Saigon, as it was known then, was the capital of the South during the Vietnam War, and American-style capitalism has been embraced more enthusiastically here than in the North, with a clutch of shining skyscrapers standing as testament to Vietnam’s surging economic growth.
Singapore’s heritage as an important trading post means that there is a real cultural mix, with four official languages: English, Chinese, Malay and Tamil. Step away from the gleaming towers and you’ll find yourself transported into another world amongst the intoxicating streets of Chinatown and Little India.
Indonesia: Benoa (Bali)
The beaches, spectacular volcanic scenery and lush green rice terraces lend Bali a natural beauty that seems to dovetail perfectly with the island’s distinct Hindu culture, which adorns the landscape with stunning temples.
For travellers by ship, Broome is the gateway to the extraordinary Kimberley region, but that’s not all. It is also the pearling capital of Australia and boasts fantastic white sand beaches and memorable sunsets.
The coastal town of Geraldton is the capital of Australia’s midwest, and offers ideal conditions for watersports including snorkelling, surfing, windsurfing and kitesurfing. It’s also the gateway to the Houtman Abrolhos archipelago, a beautiful chain of 122 islands and coral reefs bathed in the warm waters of the Indian Ocean.
Australia: Fremantle (Perth)
The capital of Western Australia, Perth sits in glorious isolation on the shores of the Indian Ocean, where the Swan River meets the sea. Laid back and relaxed, this must be one of the most easy-going capital cities in the world, with everything within easy reach.
Situated to the south of Perth on the west coast of Australia, the seaside town of Busselton is the gateway to the Margaret River wine region. Situated on the sandy shores of Geographe Bay, the town is best known for its remarkable wooden jetty, which stretches over a mile out to sea.
The historic port of Albany was the first European settlement in Western Australia, and the town still has plenty of photogenically faded colonial architecture. Albany sits on Princess Royal Harbour, one of the world’s best natural deep water harbours, and the surrounding coastline is spectacular.
Residents of Adelaide still take pride in the fact that their city was freely settled rather than founded as a penal colony, and the city traditionally had a reputation as a stuffy and pious sort of place. Adelaide has moved on, however, and these days it’s a thriving cultural hub with a superb culinary scene.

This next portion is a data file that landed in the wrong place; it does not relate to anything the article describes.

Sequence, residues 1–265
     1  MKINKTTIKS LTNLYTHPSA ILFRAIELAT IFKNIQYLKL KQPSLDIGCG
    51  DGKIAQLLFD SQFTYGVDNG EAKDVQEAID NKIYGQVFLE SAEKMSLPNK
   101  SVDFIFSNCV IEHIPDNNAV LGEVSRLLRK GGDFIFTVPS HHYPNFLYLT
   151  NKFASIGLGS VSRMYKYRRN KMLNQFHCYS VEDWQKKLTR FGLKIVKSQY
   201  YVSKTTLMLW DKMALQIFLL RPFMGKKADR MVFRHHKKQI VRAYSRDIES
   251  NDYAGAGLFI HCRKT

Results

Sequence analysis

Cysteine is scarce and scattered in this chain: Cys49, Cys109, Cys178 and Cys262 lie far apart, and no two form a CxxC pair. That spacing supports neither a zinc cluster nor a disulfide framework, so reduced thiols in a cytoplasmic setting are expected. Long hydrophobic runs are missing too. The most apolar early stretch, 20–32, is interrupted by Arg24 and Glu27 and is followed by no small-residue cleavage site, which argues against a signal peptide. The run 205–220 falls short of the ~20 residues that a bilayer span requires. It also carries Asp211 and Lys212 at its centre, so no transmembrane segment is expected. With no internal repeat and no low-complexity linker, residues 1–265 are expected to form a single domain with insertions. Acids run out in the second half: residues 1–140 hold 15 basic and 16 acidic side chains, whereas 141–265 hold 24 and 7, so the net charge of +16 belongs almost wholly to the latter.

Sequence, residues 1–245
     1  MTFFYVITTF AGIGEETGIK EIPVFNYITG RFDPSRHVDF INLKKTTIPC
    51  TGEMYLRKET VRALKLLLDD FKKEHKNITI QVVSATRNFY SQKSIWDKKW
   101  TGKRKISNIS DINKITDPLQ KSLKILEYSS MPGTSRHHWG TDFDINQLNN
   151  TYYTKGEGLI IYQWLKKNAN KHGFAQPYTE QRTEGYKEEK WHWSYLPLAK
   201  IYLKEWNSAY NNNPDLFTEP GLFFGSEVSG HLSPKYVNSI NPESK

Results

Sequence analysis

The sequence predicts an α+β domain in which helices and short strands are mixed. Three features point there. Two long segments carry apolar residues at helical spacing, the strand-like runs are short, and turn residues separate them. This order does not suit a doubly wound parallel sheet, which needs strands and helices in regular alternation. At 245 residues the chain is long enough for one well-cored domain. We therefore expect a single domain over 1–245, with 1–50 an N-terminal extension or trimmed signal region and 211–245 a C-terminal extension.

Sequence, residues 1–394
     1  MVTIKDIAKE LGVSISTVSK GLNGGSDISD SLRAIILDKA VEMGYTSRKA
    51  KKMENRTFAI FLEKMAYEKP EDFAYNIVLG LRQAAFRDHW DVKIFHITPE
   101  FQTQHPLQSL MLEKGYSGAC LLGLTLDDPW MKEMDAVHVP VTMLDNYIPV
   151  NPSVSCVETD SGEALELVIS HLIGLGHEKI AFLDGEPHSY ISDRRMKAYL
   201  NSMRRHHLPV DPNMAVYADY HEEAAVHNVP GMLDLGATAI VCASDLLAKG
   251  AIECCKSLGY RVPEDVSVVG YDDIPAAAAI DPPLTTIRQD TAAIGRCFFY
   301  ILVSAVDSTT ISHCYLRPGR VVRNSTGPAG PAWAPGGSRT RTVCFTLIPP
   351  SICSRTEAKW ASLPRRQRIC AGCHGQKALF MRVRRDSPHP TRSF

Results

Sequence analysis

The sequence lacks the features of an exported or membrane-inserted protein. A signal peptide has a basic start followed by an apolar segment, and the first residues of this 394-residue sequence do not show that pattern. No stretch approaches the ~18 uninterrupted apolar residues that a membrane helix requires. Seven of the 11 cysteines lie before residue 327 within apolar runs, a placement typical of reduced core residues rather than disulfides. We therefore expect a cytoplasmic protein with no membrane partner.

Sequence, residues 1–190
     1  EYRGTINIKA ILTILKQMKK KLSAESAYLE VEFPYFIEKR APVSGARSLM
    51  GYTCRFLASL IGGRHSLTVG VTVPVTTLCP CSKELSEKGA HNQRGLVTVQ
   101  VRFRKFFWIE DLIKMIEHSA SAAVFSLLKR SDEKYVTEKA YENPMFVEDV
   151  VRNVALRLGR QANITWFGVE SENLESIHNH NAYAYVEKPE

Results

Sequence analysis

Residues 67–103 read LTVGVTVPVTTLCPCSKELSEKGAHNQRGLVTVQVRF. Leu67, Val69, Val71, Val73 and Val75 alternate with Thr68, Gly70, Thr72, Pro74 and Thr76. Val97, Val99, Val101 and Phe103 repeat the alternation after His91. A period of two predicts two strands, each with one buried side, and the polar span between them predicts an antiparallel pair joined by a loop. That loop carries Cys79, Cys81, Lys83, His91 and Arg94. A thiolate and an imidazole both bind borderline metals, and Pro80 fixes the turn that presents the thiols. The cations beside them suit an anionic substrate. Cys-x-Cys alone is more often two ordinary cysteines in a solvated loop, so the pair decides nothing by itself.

Culturally sophisticated and fashionably hip, Melbourne combines edgy street art with gold rush era architecture while offering excellent restaurants and top museums. If you have time, check out some of Victoria's other attractions, including the beautiful 12 Apostles and the excellent wines of the Yarra Valley.
Situated on Tasmania’s northwest coast, Burnie is an important industrial centre, though in recent years the city has been reinventing itself as a creative hub. Watch local artisans at work at the Makers Workshop, learn about the city’s industrial history at the Burnie Regional Museum, or take a trip out into the scenic surrounding countryside.
Arriving in Sydney
One or our favourite cities in the world, we love pretty much everything about Sydney. Offering outdoor living at its best, the city is known for the excellent beaches but offers so much more, including a thriving and varied food scene inspired by Asian and European flavours. Walk through the Royal Botanic Gardens and admire the amazing views of the Harbour Bridge and Opera House from Mrs Macquarie's Chair, enjoy the cafés and bars in The Rocks district, walk across the top of the Harbour Bridge (or enjoy the easier option of a view from the top of one of the stone towers) or just relax on the beach.
The Harbour Bridge is our favourite site in the city, whether you do the Bridge Climb Experience or tour the Pylon Lookout. It's best viewed late afternoon from the east side of Circular Quay.
Your home from home
Small enough to operate fascinating port-intensive itineraries, but with the space for dining options, comfortable accommodation and more, sister ships Insignia, Nautica, Regatta and Sirena are for many the perfect size.
What we love
These four boutique style sister ships carry just 684 guests apiece, with a comfortable, relaxed country house style and plenty of intimate corners. We love the alternative restaurants - Oceania is rightly renowned for great food - and the pretty little library up on deck 10.
|Crew||400 International Staff|
|Style||On Oceania it's all about the time spent ashore, so back on board it's relaxed and unpretentious, with no dressing up. Open seating throughout creates an atmosphere which is friendly and sociable.|
Tailor-make your trip
Where to stay in Los Angeles
It depends where you want to be – at the beach, in Hollywood, or Beverly Hills. At Mundy we think you want to be in Beverly Hills at the Beverly Wilshire.
See the City of Angels from above
Take a helicopter for a great perspective on this sprawling city – see the movie stars’ homes, Hollywood and Santa Monica.
Our favourite hotel in Sydney
So many to choose from, but we love the Park Hyatt – make sure you upgrade to a room with a view.
The Blue Mountains is a beautiful area of hikes, waterfalls and unusual rock formations, and a place to learn about the Aboriginal dreamtime.